After locating companies making the same kinds of products (the Yellow Pages was helpful, so was the Plastic Institute of Canada) my second surprise was to face the lack of interest shown by so many companies. I expected local companies to be eager for new work, but found that hardly the case. Of more than two dozen contacts, only three showed any interest in coming to look at samples in my office. Quite quickly I realized companies expected me to come to them, which I reluctantly did. And I met the usual array of promises which came to naught there or four weeks later, after much pushing on my part for performance. It was either a case of me being a novice in knowing how to deal with manufacturers, or a reticence on the part of companies to spend time looking at new opportunities.
But my first forays were successful. Without a dozen samples in hand, I was able to find local manufacturers for three items, offering prices 20 to 30 per cent below what the hospitals were currently paying. Prices are lower, apparently, for two reasons.
First, since products are made locally transportation costs are minimal, and without the mark-ups which accrue as goods are handled by different parties. (In looking for products to replace, I looked for those which are bulky or heavy, since they incur the greatest transportation costs.) Second, locally made goods don't involve all the problems of foreign exchange rates. Many medical products are manufactured in New England, New Jersey, and Illinois, areas where wages are about the same as Ontario, save that those companies are paying in American funds. These are two of the natural advantages of local manufacturing.
The bids, from three different companies, were not unconditional: the start-up costs of making plastic molds has pushed each manufacturer into requiring a larger volume than a single hospital can consume annually, although one hospital has undertaken to bring in others to take advantage of the favourable prices. At the time of writing, no formal contracts have been signed, but promise seems to be there.
Until contracts are signed, it's difficult to pin down the cost savings to the hospitals resulting from these there import replacements - they are probably in the order of $15,000 on $50,000 worth of supply. At the time of writing, offers are coming in on three further products, which would more than double those figures.
My hope was that this kind of business could survive off the commissions made from successfully concluded contracts, but that hope has some distance to go. This might be affected by my life experience, which clearly isn't in this field; and it might simply be the normal start-up period which always incurs high costs as the enterprise takes shape.
But the arrangement holds other promise. As one purchasing director noted enthusiastically, `With local suppliers we'll be able to sit down and work on how the product can be improved. We can't do that with a manufacturer who's a long way away.'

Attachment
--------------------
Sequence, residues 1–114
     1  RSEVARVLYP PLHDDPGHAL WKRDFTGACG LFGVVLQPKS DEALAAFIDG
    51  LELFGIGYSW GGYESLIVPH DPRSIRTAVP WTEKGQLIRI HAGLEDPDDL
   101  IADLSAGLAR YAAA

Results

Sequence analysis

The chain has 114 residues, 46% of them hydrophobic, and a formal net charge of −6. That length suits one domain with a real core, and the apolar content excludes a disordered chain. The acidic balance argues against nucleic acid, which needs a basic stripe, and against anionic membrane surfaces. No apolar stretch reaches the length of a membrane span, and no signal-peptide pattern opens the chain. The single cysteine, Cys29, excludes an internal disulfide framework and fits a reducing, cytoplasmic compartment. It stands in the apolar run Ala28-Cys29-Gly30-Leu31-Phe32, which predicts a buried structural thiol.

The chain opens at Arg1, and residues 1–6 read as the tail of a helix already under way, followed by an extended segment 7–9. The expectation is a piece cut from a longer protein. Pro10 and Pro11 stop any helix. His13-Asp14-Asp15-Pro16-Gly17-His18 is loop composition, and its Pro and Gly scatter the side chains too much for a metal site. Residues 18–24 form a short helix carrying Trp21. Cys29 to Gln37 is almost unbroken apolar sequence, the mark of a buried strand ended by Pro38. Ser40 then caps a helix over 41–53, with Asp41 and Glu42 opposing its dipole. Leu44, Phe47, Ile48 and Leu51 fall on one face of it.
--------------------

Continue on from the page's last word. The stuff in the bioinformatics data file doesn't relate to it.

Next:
This is one of the advantages of import replacement which might far outweigh any price saving. Product innovation comes from a manufacturer wondering how the product can be improved, and that occurs by talking to the user. Product innovation leads to better products which other buyers then want - and local supply quickly turns into a useful export business as well, expanding the circle - until in some other city a local supplier decides to replace that import, and the process starts again.
Import replacement, or local or regional sourcing, looks like a good way of creating local jobs and wealth. It's not flashy or grand since it works in small increments, getting a small contract here, and another there. But it works within the market, providing a financial benefit to the purchaser (lower prices), while generating local jobs from the new work.
As I've learned in the hospital field, there are structural problems which stand in its way (product selection committees as currently structured, for one) and there are not a host of people eager to see it happen, but there are enough people interested that the process can occur. The hospital's incentive is that it saves money, and in the process may encourage the creation of better, more useful, and less expensive products. Local firms have more business, which in turn provides more jobs and creates more wealth. There's nothing special about the hospital sector, save that it has its own peculiar wrinkles: this model could be applied to other sectors as well. My original intention was to explore import replacement in the food industry, in the apparel industry, in bicycle parts - until I realized that I simply didn't have the energy to operate on so many fronts at one time.
Once in full operation, my hope is that this kind of brokerage operation should be able to support itself on commissions paid by the producer, levied on each successful match between hospitals and local manufacturers. With $800 million worth of business each year to replace, there should be no shortage of business. Assuming that occurs, then we'll have hit upon a self-funding market-oriented program to create jobs and wealth.
If this kind of a cycle can be up and running in all sectors, there's real hope for our ability to create the jobs and wealth our society needs.
This little foray, this work-in-progress, may prove useful after all. Maybe another six months will tell. ::john Sewell by [LA]